In the remainder we present simulation results of a model circuit breaker using STAR-CCM+.

Although a very simple simulation setup was used, we are eagerly moving towards more

complex and demanding settings that will be presented soon.

Roman Fuchs roman.fuchs@hsr.ch T +41 55 222 43 40 HSR Hochschule für Technik Rapperswil IET Oberseestrasse 10 CH-8640 Rapperswil iet@hsr.ch www.iet.hsr.ch Page 2 of 7

2 Example of a low-voltage circuit breaker simulation

We outline the geometry setup, the circuit model, the physics settings, and present results of

voltage and current curves.

2.1 Geometry

The model circuit breaker (cf. Figure 1) consists of two electrodes, a steel cylinder, and a

plastic enclosure. The simulation domain size is approximately 28 x 34 x 10 mm in x-y-z

directions. The upper electrode moves upwards with a speed of 5 𝑚/𝑠 while the lower

electrode is fixed.

2.2 Electric circuit model

A test circuit consisting of an AC voltage source and a resistor is attached to the circuit breaker

model (cf. Figure 2). The terminals A and B are connected to the upper and lower electrode,

respectively. The time-dependent arc resistance 𝑅𝑎𝑟𝑐(𝑡) is evaluated at every timestep as the

arc voltage divided by the arc current:

𝑅𝑎𝑟𝑐(𝑡) = 𝑈𝑎𝑟𝑐(𝑡)

𝐼𝑎𝑟𝑐(𝑡) .

Figure 1: Geometry of model circuit breaker.

Roman Fuchs roman.fuchs@hsr.ch T +41 55 222 43 40 HSR Hochschule für Technik Rapperswil IET Oberseestrasse 10 CH-8640 Rapperswil iet@hsr.ch www.iet.hsr.ch Page 3 of 7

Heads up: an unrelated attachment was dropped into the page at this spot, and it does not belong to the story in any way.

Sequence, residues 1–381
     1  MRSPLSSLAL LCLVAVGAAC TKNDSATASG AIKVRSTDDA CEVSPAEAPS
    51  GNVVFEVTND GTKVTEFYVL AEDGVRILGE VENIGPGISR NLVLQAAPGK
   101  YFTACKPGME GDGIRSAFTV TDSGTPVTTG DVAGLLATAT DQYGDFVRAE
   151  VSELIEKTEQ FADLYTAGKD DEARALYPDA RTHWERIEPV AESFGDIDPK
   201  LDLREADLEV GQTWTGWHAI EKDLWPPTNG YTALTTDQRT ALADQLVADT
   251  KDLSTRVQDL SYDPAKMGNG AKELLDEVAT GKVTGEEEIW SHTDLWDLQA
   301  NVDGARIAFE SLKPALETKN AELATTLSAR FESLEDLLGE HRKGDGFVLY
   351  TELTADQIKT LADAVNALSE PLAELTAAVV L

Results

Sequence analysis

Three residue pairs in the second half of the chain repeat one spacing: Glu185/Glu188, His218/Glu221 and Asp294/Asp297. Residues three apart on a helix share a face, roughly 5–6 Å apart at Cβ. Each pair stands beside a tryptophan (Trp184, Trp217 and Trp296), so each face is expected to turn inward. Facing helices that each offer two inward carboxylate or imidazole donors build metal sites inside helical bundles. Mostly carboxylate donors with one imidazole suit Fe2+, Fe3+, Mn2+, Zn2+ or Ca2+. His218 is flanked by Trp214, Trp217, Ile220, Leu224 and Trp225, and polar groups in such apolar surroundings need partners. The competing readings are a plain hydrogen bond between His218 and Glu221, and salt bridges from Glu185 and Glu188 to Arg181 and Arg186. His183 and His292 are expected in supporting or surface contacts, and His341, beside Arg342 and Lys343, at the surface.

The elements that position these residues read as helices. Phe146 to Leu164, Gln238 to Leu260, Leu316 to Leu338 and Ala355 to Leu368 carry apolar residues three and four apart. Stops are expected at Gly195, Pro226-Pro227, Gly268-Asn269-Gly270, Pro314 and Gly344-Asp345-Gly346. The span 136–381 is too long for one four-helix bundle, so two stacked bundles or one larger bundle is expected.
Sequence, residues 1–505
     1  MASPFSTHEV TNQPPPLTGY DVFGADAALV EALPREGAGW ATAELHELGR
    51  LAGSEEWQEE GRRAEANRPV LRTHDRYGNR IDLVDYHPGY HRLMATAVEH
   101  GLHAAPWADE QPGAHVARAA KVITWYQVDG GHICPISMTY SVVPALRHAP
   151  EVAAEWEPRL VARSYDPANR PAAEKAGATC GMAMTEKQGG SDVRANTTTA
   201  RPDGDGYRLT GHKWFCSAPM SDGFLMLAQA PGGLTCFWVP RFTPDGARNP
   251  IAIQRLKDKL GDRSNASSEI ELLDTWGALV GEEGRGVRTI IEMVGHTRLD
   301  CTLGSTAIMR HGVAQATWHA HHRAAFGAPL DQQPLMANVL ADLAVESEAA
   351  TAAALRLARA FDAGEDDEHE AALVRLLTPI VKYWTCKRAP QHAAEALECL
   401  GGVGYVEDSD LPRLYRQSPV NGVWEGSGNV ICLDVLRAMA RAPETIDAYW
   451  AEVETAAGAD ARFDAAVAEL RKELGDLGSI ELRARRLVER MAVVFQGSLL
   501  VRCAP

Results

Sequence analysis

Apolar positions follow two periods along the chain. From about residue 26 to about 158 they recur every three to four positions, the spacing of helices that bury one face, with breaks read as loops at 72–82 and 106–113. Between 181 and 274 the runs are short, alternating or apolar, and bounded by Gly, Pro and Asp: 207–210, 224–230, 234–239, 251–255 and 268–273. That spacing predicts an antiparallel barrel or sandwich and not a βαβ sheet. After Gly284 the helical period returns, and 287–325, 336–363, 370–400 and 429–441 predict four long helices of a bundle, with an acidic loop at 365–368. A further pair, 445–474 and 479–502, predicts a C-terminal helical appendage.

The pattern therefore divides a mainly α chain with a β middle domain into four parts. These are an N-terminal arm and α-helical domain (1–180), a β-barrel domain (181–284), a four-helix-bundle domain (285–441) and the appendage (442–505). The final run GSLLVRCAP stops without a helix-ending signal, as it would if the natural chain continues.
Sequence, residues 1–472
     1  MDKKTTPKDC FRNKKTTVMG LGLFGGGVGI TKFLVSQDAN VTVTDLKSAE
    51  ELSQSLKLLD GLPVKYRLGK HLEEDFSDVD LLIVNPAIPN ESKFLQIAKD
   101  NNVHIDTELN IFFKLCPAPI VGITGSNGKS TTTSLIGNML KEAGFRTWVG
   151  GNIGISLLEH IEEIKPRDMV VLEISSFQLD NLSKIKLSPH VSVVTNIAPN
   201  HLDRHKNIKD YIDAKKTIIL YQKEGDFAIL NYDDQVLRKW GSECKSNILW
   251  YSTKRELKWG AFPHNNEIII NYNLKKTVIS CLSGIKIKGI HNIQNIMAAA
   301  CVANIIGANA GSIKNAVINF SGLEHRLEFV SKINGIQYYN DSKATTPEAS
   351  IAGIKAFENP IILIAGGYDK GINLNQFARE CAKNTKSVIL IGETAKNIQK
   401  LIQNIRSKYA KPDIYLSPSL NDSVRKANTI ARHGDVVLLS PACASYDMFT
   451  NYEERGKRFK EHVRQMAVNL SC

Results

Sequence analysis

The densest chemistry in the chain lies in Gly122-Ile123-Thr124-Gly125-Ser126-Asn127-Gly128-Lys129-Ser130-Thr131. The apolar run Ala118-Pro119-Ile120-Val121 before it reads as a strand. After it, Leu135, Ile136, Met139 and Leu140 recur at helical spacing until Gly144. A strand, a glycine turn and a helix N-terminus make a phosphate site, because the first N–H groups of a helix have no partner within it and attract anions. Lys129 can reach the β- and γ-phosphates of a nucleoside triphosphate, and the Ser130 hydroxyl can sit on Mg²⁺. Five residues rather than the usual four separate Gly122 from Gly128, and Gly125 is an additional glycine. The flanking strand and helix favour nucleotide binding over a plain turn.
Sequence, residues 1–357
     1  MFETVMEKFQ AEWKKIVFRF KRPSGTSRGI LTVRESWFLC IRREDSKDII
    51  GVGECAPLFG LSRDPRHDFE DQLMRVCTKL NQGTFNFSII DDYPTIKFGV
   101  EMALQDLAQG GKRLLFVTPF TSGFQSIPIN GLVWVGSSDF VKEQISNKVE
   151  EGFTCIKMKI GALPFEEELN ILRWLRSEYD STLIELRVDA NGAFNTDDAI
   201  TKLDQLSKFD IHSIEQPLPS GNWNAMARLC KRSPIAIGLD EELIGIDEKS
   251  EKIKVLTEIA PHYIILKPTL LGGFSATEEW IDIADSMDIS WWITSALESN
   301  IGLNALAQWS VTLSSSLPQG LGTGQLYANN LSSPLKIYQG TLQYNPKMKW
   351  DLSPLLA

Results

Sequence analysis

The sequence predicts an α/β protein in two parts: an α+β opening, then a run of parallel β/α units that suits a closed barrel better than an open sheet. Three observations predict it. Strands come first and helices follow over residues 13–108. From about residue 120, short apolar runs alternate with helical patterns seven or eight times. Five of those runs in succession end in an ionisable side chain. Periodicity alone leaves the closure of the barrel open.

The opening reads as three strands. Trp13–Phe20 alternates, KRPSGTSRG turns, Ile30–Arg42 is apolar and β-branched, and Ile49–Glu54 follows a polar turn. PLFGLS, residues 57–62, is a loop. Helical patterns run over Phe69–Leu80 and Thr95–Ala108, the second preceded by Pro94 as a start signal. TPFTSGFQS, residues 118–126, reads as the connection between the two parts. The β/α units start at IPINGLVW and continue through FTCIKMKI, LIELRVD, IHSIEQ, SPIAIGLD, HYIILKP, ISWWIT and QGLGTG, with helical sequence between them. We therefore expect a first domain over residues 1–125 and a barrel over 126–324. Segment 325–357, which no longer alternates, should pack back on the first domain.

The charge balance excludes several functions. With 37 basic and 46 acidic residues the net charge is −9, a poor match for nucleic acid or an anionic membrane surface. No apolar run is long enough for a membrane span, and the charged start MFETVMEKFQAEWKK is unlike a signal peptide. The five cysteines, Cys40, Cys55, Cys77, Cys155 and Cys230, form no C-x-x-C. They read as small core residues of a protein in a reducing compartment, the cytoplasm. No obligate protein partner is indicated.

Due to its simplicity, the electric circuit has been implemented by analytical formulas directly as

boundary conditions (see below). More complex circuits can be implemented in STAR-CCM+

using its circuit model.

2.3 Meshing and Data Mapping

As many other gas flow solvers, STAR-CCM+ is traditionally based on the finite volume

method (FVM) for its gas flow solvers. A finite element method (FEM) solver for the magnetic

vector potential has recently been added. While the FVM solvers support polyhedral and

tetrahedral grids, the FE magnetic potential solver only supports more traditional cell shapes,

tets, hexas, etc. Moreover, the gas flow requires higher resolution in the air domain than the

magnetic vector potential.

Therefore, the domain is discretized using two grids (cf. Figure 3): a finer polyhedral mesh with

prism layers for the solvers in FV formulation (gas flow and electric potential), and a coarser

tetrahedral mesh for the FE magnetic potential solver, both using the same geometry and